One day Jesus was teaching in “Judea beyond the Jordan.” He had already wrestled with the wrangling of some Pharisees on the issue of divorce. Jesus responded to them “divorce was allowed because of the hardness of your hearts.” The absence of any desire for reconciliation, relational healing and building up a faithful community made divorce in some instances the only option for peace. Generally, this was experienced when the objective of marriage to honor God and serve one another was not the first consideration of choice, choosing and chosenness. In other words, when one didn’t marry with the proper intention then marriage was only a matter of convenience, opportunity and self-service. No wonder there are so many un-marriages and divorces in today’s world. But, that was just one step in Matthew’s remembrance of that particular day. It moved from marriage and divorce to what I believe was the consequence of divorce: abandoned children. There is much debate about where “Judea beyond the Jordan” actually existed. In truth, geographically speaking, there was no such place. But, if we were to consider a different paradigm in identifying such a place such as “socially speaking,” how many of Judea lived beyond the Jordan which was east of Jerusalem? There were many communities, you can call them cities or even a kingdom of cities, which were like “spiritual refugee camps” where the outcast gathered. And they were outcasts for all kinds of reasons: leprosy, deformity, scape goats, abandonment, crime and other such “set apart” identities. Among them were the children of broken hearts and broken homes. In many cases they would have been seen as less acceptable than even Samaritans. Of course, none of that would have deterred Jesus who had come “to seek and save that which is lost.” (Luke 19.10) When these lost children, and what age mattered in that description for we are children of God as well, were brought to Jesus to be blessed the disciples were put out. There were so many of them! The disciples had already shown their penchant and disdain for the burden of crowds. Crowds were a challenge to their “care giving” ministry because they still saw their own needs first. [Even when they couched it as a care for Jesus’ needs much like when His own family came and urged Him to stop pursuing a course that opposed His own health and welfare.] But, Jesus stopped them from keeping the children from Him. He actually used the opportunity to speak to everyone there saying “Do not hinder them, for to such belongs the Kingdom of God. If you want to draw near to the Kingdom, then you must become like one of them.” In that moment, Isaiah’s prophecy might have been fulfilled as it said “…and a little child shall lead them.” Out in the wilderness of life where the lost had been allowed to go and die a leader would rise up from among them. Consider the biblical leaders who had that same experience of “lost in the wilderness of sin” but return to lead their people into a promised land. In the days of Jesus there was no better example than His cousin John who preached in the wilderness while eating locusts and wild honey and dressing himself in clothes made of camel hair. I hear an old hymn playing in the back of my mind, “Savior like a shepherd lead us, much we need Thy tender care. Thou hast promised to receive us, poor and sinful though we be. Thou hast mercy to relieve us, grace to cleanse and pow’r to free.”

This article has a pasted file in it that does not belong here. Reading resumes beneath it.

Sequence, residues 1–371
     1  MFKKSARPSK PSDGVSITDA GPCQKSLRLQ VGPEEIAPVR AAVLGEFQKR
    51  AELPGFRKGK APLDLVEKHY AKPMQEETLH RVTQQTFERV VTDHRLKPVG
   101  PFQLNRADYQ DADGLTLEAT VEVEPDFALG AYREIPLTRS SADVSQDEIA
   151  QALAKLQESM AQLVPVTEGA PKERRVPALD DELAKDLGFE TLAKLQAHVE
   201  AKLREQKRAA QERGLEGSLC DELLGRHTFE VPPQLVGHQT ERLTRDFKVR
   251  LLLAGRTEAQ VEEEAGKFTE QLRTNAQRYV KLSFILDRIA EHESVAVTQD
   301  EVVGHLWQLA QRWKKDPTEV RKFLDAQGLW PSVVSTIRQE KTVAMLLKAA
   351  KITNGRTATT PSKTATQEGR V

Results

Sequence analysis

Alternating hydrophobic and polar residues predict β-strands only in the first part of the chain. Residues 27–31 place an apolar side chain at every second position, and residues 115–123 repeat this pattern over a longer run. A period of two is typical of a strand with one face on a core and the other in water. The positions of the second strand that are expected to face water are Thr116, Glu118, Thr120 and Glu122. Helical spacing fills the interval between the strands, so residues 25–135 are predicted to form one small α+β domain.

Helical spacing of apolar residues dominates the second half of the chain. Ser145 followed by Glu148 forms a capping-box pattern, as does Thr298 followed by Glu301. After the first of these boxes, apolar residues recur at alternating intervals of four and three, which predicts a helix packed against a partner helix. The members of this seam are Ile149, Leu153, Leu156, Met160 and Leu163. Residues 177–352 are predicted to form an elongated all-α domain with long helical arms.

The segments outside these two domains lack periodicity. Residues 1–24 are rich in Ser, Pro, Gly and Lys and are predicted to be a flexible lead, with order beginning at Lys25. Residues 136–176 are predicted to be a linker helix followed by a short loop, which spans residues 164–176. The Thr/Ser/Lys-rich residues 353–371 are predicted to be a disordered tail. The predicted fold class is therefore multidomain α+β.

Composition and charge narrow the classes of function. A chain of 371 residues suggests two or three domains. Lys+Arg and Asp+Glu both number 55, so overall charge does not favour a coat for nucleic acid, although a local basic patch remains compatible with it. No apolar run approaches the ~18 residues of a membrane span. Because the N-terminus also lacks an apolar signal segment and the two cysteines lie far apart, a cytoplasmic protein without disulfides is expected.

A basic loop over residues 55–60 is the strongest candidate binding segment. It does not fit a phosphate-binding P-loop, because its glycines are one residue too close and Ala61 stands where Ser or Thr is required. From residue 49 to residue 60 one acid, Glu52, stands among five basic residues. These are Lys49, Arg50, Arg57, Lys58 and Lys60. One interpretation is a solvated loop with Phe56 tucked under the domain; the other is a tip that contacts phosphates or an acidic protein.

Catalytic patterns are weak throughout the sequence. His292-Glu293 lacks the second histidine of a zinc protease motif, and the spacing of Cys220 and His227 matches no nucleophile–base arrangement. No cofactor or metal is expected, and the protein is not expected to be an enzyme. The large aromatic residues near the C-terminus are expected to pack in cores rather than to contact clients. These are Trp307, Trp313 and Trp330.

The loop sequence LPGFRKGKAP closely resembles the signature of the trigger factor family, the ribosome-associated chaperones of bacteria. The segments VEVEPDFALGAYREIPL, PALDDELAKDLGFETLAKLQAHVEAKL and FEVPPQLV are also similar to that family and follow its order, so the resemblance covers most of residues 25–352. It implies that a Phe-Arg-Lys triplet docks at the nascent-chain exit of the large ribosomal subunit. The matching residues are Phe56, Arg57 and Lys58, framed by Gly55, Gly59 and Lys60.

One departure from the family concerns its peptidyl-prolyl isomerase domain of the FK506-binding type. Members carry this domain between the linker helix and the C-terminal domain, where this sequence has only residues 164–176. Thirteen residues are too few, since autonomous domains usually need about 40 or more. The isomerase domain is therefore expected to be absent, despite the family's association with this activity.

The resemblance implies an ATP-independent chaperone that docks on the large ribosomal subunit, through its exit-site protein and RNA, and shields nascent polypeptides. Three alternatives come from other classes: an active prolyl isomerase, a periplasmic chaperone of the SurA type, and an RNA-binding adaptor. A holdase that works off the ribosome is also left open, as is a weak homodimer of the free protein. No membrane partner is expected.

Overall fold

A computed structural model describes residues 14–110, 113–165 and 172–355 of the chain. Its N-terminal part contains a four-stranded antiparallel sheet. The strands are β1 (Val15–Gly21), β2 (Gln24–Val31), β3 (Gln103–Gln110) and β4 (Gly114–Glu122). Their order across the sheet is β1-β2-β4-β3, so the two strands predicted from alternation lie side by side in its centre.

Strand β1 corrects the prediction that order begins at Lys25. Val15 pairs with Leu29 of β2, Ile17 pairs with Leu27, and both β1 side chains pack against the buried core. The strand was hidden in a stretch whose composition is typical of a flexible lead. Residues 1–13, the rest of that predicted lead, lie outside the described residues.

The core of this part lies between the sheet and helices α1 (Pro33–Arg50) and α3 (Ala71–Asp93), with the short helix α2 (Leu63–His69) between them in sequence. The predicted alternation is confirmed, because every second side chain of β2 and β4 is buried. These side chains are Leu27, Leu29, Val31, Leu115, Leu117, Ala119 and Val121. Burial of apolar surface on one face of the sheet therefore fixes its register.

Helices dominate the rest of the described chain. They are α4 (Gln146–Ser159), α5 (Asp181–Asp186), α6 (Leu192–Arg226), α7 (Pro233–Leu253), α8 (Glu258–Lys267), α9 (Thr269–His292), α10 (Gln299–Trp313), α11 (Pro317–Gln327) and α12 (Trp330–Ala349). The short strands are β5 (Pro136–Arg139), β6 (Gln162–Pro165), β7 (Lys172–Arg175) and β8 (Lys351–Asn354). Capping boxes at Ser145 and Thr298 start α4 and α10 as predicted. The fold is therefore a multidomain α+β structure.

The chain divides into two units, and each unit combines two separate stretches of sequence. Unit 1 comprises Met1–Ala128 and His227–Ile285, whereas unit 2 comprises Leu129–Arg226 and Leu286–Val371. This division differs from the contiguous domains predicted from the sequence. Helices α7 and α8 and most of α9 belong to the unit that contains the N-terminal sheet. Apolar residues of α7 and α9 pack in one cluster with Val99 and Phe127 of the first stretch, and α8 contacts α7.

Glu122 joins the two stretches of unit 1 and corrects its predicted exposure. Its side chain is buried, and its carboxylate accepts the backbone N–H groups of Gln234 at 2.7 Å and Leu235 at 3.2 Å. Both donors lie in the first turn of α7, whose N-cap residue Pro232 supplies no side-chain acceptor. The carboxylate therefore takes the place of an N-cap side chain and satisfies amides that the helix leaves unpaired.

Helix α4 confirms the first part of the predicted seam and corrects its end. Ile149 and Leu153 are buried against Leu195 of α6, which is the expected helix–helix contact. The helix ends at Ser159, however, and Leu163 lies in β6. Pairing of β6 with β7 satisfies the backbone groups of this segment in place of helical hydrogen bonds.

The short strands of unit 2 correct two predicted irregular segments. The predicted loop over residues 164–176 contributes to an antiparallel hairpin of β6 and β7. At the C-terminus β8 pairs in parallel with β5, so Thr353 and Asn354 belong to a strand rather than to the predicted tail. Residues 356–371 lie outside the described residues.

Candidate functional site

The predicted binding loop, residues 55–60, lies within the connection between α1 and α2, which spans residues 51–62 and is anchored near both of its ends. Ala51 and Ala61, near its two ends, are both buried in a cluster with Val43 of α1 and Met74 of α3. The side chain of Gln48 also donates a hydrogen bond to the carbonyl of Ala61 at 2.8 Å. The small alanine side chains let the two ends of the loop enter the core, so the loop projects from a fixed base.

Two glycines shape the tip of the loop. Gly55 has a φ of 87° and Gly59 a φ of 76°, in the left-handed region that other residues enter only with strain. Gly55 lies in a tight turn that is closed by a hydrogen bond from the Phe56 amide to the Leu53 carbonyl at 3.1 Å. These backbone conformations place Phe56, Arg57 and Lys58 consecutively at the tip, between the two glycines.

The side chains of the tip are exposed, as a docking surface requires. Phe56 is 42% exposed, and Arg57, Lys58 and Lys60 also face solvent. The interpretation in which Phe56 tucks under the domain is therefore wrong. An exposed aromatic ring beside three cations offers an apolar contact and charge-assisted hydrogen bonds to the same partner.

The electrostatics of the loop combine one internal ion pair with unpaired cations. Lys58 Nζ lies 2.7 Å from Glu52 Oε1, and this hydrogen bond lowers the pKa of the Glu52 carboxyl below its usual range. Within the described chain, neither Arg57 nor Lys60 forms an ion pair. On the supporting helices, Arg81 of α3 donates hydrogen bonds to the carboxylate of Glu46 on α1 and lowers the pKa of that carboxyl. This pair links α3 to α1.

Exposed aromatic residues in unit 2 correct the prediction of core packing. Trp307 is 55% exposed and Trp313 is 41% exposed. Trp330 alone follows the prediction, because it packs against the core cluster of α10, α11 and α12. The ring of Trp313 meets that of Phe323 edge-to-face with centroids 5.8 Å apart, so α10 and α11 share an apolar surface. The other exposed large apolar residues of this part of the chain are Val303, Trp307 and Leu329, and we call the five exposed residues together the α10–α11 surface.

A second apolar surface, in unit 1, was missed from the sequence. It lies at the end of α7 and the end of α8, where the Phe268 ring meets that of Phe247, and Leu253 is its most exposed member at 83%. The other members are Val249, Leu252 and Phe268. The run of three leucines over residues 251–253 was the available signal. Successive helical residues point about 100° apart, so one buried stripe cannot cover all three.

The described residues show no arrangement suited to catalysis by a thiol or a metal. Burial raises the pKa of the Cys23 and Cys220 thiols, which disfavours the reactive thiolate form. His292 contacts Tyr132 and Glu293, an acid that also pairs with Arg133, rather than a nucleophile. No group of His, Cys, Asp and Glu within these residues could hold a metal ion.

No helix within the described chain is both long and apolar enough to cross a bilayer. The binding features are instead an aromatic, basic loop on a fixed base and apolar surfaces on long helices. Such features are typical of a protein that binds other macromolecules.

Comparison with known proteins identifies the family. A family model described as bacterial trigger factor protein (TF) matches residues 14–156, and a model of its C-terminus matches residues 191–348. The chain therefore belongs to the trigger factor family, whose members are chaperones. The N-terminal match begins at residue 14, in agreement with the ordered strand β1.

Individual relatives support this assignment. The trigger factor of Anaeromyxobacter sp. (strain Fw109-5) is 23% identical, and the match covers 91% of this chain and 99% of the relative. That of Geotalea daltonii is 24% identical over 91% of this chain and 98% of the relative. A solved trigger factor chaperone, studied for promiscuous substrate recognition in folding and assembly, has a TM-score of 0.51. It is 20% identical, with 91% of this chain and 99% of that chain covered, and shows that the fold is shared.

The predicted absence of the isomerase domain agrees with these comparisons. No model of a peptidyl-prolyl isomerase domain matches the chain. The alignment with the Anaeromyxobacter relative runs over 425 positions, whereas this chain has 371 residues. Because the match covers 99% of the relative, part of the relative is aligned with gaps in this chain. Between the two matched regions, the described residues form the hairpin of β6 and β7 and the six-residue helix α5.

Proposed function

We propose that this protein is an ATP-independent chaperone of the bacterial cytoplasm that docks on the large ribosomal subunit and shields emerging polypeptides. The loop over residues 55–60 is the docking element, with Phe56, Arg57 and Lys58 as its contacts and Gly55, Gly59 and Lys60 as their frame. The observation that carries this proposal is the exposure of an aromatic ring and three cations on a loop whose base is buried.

So, believing their quest would find its resting place in Jerusalem, the City of the One True God, the Magi approached the governor’s court and asked “Where is the One born King of the Jews for we have come to worship Him?” As much as they knew from the scriptures of the exiles which they had read and studied, they had missed their true destination. Even with the “guiding light” of the Heavenly Star which led them and which seemed of no consequence to those in Israel over whom it stood, they still did not know. They were like lost sheep wandering in the wilderness of life seeking a shepherd, green pastures and still waters. There was something more to do and somewhere else to go. And the answer was found in nothing less than God’s Holy Word. The angels directed the shepherds “born to you this day in Bethlehem.” And now the biblical scholars would place the final piece of the puzzle and thus give true direction to the wise men seeking Jesus: Bethlehem. And what could be more poignant to fulfilling Isaiah’s prophecy than “a little child shall lead them.” They had something more to do with their lives and so, too, do we. Let this be our epiphany in 2023!

TODAY’S PRAYER:

Father, lead us, guide us, show us the way so that we will be best able to answer the final question: who do we choose to believe in with all our heart, soul, mind, body and strength. It is You who has shown us the way, the truth and the life in Jesus our Lord, Your Child who leads us. AMEN.